“All things being equal, you might feel that you recover from the jet lag faster if you really focus on eating breakfast at a fixed time every day,” she said.

The model didn’t consider the number of calories in a meal or the type of food, but researchers found that a larger meal earlier in the day appears to be better for regulating the circadian system than eating equal-sized meals throughout the day or eating a late-night meal, Braun said. A heavy breakfast and no late-night meal could shave off two days of recovery time from jet lag, the model showed.

A person taking an evening flight from New York to Paris, for instance, could eat an early dinner before they arrive at the airport and skip the in-flight meal – avoiding a “late-night” meal on Paris time. Eating late at night can confuse our circadian clocks; our brains may think it’s time for bed as our liver responds to the food we ate.

Once they’ve landed, they could have a substantial breakfast.

The model was based on a six-hour time difference, but the study findings could also be reasonably applied to a shorter time difference – for instance, the three-hour time difference between New York and Los Angeles – the researchers said.

The model in the study makes certain assumptions such as that light and food are the only cues that affect our internal clocks. Other factors such as exercise or taking supplements of melatonin, a hormone that is produced by the pineal gland in response to darkness or dim light to help us sleep, were not considered.

A ‘novel’ study of two clocks

Meal times can be a “very powerful resynchronization” of the body’s circadian rhythm, said Ilia Karatsoreos, a professor in the department of psychological and brain sciences at the University of Massachusetts Amherst who studies the impact of circadian rhythm disruption on health.

“We kind of already knew all these things,” said Karatsoreos, who was not involved in the study. “But, I think, the way that they’ve put their tool together, it could help us ask some questions or generate some hypotheses.”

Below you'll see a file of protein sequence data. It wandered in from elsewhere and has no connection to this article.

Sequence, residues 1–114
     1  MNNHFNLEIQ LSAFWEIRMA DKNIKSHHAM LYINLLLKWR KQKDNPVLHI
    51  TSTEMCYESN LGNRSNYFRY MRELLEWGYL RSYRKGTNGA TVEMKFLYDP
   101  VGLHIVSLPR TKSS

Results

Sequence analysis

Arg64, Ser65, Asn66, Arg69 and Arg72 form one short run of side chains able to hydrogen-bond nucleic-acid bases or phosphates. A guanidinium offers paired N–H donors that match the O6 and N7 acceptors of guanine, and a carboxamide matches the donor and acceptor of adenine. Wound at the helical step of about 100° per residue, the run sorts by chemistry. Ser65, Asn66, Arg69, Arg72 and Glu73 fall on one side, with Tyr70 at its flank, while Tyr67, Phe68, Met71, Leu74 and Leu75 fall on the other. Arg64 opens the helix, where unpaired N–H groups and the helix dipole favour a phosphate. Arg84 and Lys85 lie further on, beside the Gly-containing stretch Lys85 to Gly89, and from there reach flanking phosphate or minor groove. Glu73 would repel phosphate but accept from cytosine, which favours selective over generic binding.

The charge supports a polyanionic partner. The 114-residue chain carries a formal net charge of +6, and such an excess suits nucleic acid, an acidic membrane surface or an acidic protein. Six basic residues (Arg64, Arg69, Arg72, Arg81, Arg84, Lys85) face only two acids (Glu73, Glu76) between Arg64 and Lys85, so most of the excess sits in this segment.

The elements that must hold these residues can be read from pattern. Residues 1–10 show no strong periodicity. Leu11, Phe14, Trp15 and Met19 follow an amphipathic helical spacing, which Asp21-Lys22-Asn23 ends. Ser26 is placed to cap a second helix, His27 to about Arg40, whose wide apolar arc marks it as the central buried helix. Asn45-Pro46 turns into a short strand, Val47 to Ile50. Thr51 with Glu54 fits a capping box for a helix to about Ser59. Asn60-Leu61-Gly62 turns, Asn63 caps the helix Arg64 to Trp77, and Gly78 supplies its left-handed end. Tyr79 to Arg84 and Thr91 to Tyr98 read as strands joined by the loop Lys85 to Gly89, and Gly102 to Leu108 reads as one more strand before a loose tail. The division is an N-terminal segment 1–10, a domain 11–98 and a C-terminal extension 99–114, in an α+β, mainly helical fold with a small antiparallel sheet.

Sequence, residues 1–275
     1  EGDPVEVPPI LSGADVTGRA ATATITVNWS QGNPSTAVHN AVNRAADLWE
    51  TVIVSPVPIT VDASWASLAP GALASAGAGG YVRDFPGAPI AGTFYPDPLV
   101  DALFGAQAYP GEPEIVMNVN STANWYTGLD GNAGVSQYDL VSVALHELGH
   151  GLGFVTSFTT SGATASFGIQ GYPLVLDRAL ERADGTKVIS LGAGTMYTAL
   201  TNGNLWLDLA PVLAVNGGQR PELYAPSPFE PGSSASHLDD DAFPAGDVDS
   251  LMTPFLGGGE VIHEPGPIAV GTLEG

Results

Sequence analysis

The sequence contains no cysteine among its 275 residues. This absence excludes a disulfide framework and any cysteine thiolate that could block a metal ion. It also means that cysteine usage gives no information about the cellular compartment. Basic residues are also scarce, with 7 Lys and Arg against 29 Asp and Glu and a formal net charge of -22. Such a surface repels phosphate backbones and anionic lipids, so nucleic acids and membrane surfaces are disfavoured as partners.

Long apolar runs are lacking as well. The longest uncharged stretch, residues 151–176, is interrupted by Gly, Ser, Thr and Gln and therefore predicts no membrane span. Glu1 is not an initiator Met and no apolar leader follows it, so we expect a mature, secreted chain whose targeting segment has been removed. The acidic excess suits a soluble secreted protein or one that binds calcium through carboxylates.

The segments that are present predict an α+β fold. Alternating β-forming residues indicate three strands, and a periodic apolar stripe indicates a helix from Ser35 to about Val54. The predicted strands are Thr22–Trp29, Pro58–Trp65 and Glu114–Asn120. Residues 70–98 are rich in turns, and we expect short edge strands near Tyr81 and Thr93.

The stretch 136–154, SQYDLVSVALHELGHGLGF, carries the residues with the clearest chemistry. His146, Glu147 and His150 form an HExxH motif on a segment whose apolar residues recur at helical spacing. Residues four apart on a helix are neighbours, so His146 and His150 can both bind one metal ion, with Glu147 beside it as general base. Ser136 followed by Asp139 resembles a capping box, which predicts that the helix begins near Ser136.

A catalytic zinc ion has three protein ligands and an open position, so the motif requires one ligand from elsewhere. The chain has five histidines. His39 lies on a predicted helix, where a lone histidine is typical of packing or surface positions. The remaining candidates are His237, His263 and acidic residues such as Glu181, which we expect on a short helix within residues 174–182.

If the study’s findings bear out in clinical trials, the recommendation to eat a big breakfast could be a “godsend” for frequent travelers, said Samer Hattar, the chief and senior investigator for the section on light and circadian rhythms at the National Institute of Mental Health, who was not involved in the study. Based on the modeling, though, “it looks as if it works pretty well.”

The mathematical model is interesting because it considers two different clocks that respond to light and food, said Satchin Panda, a professor at the Salk Institute for Biological Sciences and the author of “The Circadian Code,” a book on the importance of maintaining your circadian rhythm.

“In that way, all of this is very novel,” said Panda, who was not involved in the study. “Most of the models in circadian rhythm take into account how light affects the clock. But, there are very few that take into account how food affects the clock.”

When he and others who study circadian rhythm travel internationally, they “typically avoid food in flight,” Panda said, and try to immediately switch to the food schedule of the new time zone.

The good news is that the breakfast options in Europe are typically much better than in the United States, he said.